The tech giant banned local political ads in Washington State nine months ago, but hasnt been able to stop itself from selling them.
Google banned local political ads in Washington State about nine months ago, but hasn't been able to stop itself from selling them. David Ramos / Getty Images

Google just announced it's banning political ads in all of Canada because it can't get its automated systems to comply with strong transparency requirements passed by the Canadian government.

If that's sounds familiar, it may be because Google announced a similar ban in Washington State last June, for similar reasons.

But Google has had repeated trouble getting its Washington State ban to stick, suggesting that a ban covering all of Canada could end up with its own significant holes.

At the time Google announced its Washington State ban, the tech giant said it was unable to comply with this state's nation-leading political ad transparency rules.

Google was also facing a lawsuit from Washington State Attorney General Bob Ferguson over its failure to provide sufficient disclosures for local political ads going back many years. Facebook had been sued by Ferguson, too, for the same reason, and the companies ultimately paid $455,000 to settle the lawsuits. Today both Facebook and Google say they've banned political ads aimed at Washington State's local elections and ballot measures.

But the bans have been far from flawless.

Since June 2018, when Google announced its ban, the company has sold nearly $20,000 worth of political ads aimed at Washington's local elections.

The most recent example comes from Spokane, Washington's second-largest city, where nearly nine months into its ban Google sold $6,500 in political ads to a local campaign aiming to pass a ballot measure that would increase emergency services funding.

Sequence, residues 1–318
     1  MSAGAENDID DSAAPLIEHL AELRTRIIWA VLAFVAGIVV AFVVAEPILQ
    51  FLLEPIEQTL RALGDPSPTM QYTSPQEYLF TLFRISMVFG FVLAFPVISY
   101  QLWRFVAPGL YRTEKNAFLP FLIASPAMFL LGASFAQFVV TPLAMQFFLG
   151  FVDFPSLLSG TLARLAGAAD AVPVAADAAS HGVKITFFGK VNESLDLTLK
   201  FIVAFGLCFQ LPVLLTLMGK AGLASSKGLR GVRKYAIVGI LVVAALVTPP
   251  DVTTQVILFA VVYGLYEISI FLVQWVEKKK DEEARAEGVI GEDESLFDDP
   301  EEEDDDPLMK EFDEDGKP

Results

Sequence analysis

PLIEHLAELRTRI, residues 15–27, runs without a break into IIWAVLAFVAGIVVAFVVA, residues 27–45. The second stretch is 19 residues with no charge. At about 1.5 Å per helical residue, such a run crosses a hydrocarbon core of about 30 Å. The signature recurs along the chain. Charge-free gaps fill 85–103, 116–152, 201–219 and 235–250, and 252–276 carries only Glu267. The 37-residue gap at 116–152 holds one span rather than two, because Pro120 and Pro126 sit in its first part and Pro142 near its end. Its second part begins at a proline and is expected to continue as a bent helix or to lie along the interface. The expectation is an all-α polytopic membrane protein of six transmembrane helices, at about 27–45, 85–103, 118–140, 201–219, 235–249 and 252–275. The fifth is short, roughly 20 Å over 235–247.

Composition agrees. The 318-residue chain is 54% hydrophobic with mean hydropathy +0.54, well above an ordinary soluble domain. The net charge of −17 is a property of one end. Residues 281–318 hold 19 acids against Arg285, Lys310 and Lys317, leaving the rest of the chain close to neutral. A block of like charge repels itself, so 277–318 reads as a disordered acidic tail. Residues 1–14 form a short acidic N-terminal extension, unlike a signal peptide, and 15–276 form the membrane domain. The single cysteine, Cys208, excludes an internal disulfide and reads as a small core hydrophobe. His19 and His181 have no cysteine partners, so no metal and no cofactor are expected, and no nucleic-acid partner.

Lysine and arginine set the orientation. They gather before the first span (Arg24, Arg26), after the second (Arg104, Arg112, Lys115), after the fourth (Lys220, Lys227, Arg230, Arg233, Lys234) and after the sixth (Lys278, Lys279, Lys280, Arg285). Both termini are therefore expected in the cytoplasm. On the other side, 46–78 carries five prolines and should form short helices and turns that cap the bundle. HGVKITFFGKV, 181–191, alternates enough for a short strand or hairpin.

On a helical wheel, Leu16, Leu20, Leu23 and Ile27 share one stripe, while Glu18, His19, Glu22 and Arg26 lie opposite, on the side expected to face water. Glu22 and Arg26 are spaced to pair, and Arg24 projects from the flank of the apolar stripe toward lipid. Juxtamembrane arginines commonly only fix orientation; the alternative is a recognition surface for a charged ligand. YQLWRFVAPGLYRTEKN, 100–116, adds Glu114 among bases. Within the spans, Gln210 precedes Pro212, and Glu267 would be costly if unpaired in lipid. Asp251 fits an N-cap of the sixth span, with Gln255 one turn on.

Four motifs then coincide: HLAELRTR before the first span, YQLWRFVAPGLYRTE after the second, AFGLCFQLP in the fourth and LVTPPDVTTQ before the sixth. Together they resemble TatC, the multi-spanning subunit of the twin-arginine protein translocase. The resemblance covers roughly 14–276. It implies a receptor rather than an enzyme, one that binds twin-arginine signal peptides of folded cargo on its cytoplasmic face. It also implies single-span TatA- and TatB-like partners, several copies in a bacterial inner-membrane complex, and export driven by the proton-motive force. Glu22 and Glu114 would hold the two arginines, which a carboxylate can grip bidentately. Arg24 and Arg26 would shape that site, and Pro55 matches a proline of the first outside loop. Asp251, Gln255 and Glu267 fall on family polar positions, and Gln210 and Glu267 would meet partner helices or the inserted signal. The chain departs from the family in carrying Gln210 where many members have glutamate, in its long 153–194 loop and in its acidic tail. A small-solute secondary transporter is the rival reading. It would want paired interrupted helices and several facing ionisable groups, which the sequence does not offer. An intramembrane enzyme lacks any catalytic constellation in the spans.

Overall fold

The deal the Spokane campaign booked with Google included more than a million impressions for political ads targeting likely voters in that city, which has a population of around 210,000 people. Only 40,000 Spokane voters ended up voting on the ballot measure, which passed with a more than 64 percent majority.

Google has said such purchases violate its policies and that "we take measures to block these types of ads."

But those measures have repeatedly proved insufficient here in Washington, where over and over certain political campaigns have managed to buy Google ads despite the ban.

One candidate for the Washington State Legislature even provided The Stranger with an e-mail showing a Google employee suggesting the candidate buy thousands of dollars in political ads months after the company's ban took effect.

This has raised questions of whether Google, by selling political ads to certain Washington State campaigns despite its ban, is giving those campaigns an unfair competitive advantage.

In Spokane, the campaign that was recently able to buy more than a million Google ad impressions faced no organized opposition. But imagine a small local race here in Washington that's just like the one in Spokane, except it's hotly contested and the margin of victory ends up being very narrow.

In that hypothetical scenario, which could also now happen in Canada, if the winning campaign were allowed to purchase more than a million impressions worth of banned Google ads, the losing campaign could then end up with a credible claim that those banned Google ads swung the race.

Facebook, for its part, has had similar difficulty with its ban on local political ads in Washington State.

Although Facebook's ban only took effect two months ago, it's since sold more than two dozen political ads to four different Seattle City Council candidates and one Seattle ballot measure supporter.

Facebook, which reportedly has 24 percent of the Canadian online advertising market (as opposed to Google's 48 percent), is not yet banning political ads in Canada.